[W]hen one is destined for greater accomplishments in life, the preparation for such a journey can be extensive.”—Chin-Ning Chu, “Thick Face, Black Heart”
Is every day of your life a struggle?
Good for you.
It’s taken me 45 years to realize that a shitty life is a good life. Because a shitty life prepares you for anything.
No, not just anything. Something extraordinary.
What does an easy life of good fortune prepare a person for?
Nothing but ease and good fortune.
When life flings shit balls at you on a regular basis, you appreciate the shortest respite and smallest pleasure. A cricket hopping through your front door might bring you to tears.
A four-month romance could carry you for the rest of your life. Because it might have to. You might never get anything more.
And when you have to face a natural disaster or devastating diagnosis or foreign invasion, who’s going to make it? How will the person with the beautiful house and car and wife and children handle it when everything is wiped out? Like it’s the end of the world.
How will the person who struggles every day handle such a situation? Like it’s any other day.
I read that one of the actors who played James Bond (more than one of them, probably) was told to wear a tuxedo day and night to get comfortable in it. That way, instead of moving stiffly in a tux, Bond would feel like he was in sweat suit, equally ready for lounging or action.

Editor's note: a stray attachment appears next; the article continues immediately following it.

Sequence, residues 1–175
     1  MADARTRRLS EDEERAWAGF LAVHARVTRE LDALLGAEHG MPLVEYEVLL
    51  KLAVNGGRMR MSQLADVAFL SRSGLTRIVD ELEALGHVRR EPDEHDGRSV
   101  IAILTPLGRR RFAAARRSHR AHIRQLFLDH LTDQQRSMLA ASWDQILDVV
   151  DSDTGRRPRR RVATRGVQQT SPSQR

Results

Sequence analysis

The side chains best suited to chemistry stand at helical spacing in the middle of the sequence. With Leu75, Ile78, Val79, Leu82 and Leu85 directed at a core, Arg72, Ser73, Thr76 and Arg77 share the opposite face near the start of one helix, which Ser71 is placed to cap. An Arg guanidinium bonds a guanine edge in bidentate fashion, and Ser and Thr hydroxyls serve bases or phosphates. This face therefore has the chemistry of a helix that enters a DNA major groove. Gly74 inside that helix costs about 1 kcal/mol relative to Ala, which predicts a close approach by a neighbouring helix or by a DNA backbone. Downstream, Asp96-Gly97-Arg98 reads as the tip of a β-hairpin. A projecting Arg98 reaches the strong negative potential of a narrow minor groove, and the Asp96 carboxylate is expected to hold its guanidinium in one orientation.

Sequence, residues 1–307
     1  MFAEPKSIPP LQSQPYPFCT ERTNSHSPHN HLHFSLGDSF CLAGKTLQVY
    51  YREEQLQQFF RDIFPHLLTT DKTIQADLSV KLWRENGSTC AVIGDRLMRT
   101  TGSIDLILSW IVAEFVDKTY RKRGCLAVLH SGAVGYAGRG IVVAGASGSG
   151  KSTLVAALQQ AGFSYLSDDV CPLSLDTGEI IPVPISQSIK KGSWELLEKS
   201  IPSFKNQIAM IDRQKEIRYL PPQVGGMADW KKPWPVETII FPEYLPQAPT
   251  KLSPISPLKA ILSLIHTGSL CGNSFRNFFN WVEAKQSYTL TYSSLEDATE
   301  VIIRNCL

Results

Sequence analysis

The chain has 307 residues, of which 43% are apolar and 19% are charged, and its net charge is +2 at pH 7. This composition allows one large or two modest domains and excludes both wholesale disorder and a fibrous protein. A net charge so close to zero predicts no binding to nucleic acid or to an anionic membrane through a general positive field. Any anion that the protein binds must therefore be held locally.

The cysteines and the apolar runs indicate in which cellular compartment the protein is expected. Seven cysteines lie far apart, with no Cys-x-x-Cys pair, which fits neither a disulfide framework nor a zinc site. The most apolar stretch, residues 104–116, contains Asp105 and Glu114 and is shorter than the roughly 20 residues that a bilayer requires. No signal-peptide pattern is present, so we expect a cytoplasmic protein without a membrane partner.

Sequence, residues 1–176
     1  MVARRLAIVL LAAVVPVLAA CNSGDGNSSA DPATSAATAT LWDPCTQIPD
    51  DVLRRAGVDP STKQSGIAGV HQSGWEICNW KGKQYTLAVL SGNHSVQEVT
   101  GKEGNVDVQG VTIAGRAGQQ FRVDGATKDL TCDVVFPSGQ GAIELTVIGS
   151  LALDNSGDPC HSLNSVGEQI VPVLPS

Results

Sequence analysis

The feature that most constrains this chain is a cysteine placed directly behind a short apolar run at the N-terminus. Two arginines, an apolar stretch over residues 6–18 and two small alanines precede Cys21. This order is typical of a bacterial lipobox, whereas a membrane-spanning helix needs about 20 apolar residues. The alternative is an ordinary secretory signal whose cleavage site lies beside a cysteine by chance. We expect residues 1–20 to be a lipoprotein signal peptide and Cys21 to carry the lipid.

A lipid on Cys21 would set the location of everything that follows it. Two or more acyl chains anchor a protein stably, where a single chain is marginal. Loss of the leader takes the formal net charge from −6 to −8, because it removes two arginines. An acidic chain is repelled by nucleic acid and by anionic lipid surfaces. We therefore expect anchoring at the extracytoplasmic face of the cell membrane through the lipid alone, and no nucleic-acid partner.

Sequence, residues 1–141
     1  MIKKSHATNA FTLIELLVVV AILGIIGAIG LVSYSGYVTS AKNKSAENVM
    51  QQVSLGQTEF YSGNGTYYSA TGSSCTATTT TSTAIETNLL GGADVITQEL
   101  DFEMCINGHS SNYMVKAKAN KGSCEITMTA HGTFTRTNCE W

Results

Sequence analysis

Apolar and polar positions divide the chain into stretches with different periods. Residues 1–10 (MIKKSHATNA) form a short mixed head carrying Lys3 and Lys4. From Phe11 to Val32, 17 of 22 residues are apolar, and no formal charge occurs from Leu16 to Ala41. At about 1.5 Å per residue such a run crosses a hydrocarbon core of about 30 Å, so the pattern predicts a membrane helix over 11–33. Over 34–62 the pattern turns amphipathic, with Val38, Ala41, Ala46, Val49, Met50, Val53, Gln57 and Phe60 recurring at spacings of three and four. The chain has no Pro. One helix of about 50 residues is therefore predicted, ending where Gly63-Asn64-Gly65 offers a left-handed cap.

When you’re wearing a shit suit every day, the same thing happens to you. Dealing with anything from minor disappointments to outright horrors is nothing. It’s like washing the dishes or scrubbing the toilet.
And if you do ever accomplish or receive something that many people take for granted as a normal part of life, such as a loving partner or a lucrative job or an attractive home, you’ll be overwhelmed with joy and gratitude.
If the universe needs you to be able to run an ultramarathon one day, you may spend most of your life in training. While your successful peers breeze through their 5K-level challenges and bask in the cheers of their admirers.
You’ll spend years screwing up, breaking down, recovering, incubating, or hibernating–doing seemingly nothing as you read and experience and observe and process and analyze everything.
People who claim to care about you will tell you you’re wasting time or aren’t meeting your potential. They’ll give up on you and abandon you. And wonder, often aloud, why you can’t just be like everybody else.
Your successful-looking peers may sneer at your laziness and lack of ambition. And flaunt the things they “worked so hard” for.
But they’ll let themselves go as they recall their glory days and snore through their last decades. They essentially finished life ahead of time and have little left to do. Because little was expected of them.
One day, you’ll outrun your detractors. But you still may not be appreciated or respected. They’ll tell you that you made a mess of your life anyway or that you waited too long and nobody cares now. They may not understand what you’ve done. It doesn’t matter.
You’re going to win, so get ready to celebrate.
Audio inspiration: “Sign of the Times” by Harry Styles